Reviews

Eric Bibb & J.J. MilteauEric Bibb & J.J. Milteau
Album: Lead Belly's Gold
Label: DixieFrog
Tracks: 16
Website: http://www.ericbibb.com

Eric's sincere tribute to the music of Lead Belly (Huddie Ledbetter) comes in the form of a nicely relaxed good-time set recorded live at Paris jazz club Le Sunset not all that long ago (the otherwise excellent documentation doesn't tell us when). Eric, his 6- and 12-atring guitars (and in one instance, 6-string banjo) are joined onstage by French harmonica ace J.J. Milteau, whose genially accomplished style suits Eric's down to the ground and provides an ideal foil. His playing is a model of unobtrusive e sensitivity, yet adds so much to Eric's interpretations, while he still gets plenty of chances for a nifty solo (check out House Of The Rising Sun or Goodnight Irene, for instance). Grandstanding is never an option, thankfully.

Also putting in appearances are drummer Larry Crockett, bass player Gilles Michel (on three numbers), Big Daddy Wilson (backing vocals on five) and Michael Robinson (backing vocals on two), but there's no doubting that it's Eric's show, for Eric turns in some performances of masterly understanding that show he really gets the relevance of the now-timeless songs, most of which have become repertoire standards. Many have gotten stale over time, but here Eric invests them all with a tasty freshness and sharp-suited panache that you can't resist, while pointing up the meanings and correspondences with our own time that the songs' social commentaries may have lost in inferior auto-pilot session run-throughs by all and sundry over the decades.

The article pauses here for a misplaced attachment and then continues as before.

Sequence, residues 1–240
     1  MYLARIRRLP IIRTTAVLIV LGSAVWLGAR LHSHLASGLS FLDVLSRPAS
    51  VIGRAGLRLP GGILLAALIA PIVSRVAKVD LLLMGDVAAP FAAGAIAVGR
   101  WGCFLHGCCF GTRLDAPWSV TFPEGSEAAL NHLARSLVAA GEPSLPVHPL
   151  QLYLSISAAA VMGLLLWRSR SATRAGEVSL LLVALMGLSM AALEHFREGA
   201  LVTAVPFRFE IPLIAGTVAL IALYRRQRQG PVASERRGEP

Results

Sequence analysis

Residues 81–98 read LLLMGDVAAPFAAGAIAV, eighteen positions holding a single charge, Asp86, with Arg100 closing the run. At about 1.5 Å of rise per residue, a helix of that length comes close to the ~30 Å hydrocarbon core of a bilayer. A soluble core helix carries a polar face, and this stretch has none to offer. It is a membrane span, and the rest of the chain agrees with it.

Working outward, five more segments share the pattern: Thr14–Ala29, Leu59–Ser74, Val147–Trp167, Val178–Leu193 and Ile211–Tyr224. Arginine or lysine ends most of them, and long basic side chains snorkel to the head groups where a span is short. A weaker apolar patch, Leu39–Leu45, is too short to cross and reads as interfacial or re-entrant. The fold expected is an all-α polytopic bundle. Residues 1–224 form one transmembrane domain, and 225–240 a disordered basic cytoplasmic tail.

Eric's latest rendition of Rock Island Line really steams along, while On A Monday and Pick A Bale Of Cotton get to emerge as immediate and new-minted as Bring A Little Water, Sylvie and the lesser-known Where Did You Sleep Last Night? and Grey Goose. However, fine though this easy-rollin' live set is, it's for the bonus material - five brand new studio tracks - that this disc will be most remembered in this house.

The first of these is an outstanding account of Bourgeois Blues (one of Ledbetter's most hard-hitting creations in its bold condemnation of racial segregation), while Eric wields that thar banjo most effectively on Titanic, and on an animated, funky take on Stewball he pays homage to his (since deceased) father Leon, who had recorded the song way back when with a group called The Skifflers.

The tracklist is completed by two of Eric's original compositions, in which he takes on the role of Lead Belly himself (addressing his former boss John Lomax on Chauffeur Blues, and sharing his life story on Swimmin' In A River Of Songs). Altogether, the affectionate Lead Belly's Gold makes for another fine album to add to the constantly expanding Eric Bibb catalogue; the man's unstoppable!

David Kidman